TCFD will require funds to identify and assess the impact of climate-related risks and opportunities on assets, liabilities, investment strategy and funding over the short, medium and long term. Funds need to consider whether the companies they are investing in are on the right path and how their investments are impacted by climate change.
In the absence of the updated Regulations, there may be reluctance for funds to go too far at this stage. However, regulations or not, these risks exist and are something all funds should have on their radar and many will already be considering as part of the review of their investment and funding strategies.
We expect MHCLG to consult on draft regulations soon, and we anticipate a similar approach to that taken by DWP, with the exception that it will apply to all LGPS Funds from the start irrespective of size. Due to the tight timeframes, we hope that there will be some initial flexibilities as funds get to grips with the new framework.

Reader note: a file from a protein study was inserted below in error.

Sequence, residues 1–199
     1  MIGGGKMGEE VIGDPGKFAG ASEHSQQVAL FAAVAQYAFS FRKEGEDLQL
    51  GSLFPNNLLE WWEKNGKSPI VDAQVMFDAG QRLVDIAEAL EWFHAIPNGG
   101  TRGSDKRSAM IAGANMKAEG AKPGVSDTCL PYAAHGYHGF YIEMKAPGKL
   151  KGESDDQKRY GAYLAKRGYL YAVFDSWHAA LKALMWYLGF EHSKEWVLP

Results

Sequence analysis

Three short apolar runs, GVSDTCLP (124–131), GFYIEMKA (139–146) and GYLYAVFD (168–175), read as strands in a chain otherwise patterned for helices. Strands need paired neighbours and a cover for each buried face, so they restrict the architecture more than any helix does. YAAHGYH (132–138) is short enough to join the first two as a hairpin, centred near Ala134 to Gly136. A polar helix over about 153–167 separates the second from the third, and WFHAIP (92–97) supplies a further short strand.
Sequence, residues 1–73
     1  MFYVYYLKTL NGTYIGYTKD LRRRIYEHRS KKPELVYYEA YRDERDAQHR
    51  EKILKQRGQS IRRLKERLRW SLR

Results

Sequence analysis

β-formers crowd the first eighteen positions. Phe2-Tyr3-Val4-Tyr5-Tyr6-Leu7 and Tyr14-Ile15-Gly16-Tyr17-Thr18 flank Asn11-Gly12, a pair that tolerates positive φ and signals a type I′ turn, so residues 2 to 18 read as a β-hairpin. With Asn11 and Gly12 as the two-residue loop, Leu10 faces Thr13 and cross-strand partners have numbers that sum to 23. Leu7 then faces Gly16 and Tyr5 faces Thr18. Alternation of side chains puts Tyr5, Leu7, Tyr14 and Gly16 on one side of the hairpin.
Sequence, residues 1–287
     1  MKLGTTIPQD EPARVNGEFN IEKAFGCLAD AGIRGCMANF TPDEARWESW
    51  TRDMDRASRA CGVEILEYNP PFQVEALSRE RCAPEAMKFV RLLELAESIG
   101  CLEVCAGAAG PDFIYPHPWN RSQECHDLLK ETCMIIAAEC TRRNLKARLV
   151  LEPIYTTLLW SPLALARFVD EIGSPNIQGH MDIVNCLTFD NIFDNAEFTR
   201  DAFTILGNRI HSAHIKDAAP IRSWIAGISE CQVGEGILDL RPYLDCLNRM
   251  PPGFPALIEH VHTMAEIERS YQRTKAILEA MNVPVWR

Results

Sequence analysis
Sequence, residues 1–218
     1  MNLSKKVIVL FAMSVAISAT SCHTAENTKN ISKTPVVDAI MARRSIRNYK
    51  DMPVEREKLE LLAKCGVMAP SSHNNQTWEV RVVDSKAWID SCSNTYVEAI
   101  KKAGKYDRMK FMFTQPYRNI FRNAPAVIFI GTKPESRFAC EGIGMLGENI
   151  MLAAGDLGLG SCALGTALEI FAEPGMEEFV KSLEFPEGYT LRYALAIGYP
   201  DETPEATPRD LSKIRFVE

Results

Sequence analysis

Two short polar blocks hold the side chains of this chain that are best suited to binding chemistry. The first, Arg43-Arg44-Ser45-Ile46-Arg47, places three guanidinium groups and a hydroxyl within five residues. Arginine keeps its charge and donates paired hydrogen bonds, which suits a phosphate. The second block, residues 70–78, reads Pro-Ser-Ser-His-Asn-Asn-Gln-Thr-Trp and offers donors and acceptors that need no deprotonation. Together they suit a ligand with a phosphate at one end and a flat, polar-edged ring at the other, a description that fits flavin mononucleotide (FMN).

We will therefore be well placed to support you in meeting the requirements. Additionally, BW are members of the cross-industry Pensions Climate Risk Industry Group (PCRIG) that has published guidance for pension schemes on how they can adopt the TCFD recommendations on climate governance and disclosure.
We will, of course, keep you updated as and when further detail is provided for the LGPS. In the meantime, we are preparing to provide scenario modelling for funds before or as part of the 2022 valuation, should it be required.
We would be happy to discuss any of the matters raised in this blog with you further. Get in touch using the contact details below.
This blog has been authored by Nicola Tait and Melanie Durrant on behalf of the Public Sector Sustainability Group.
Stay up to date
Get the latest independent commentary and exclusive insights from a range of experts at the forefront of pensions, investment, insurance and risk – tailored to your preference.Subscribe today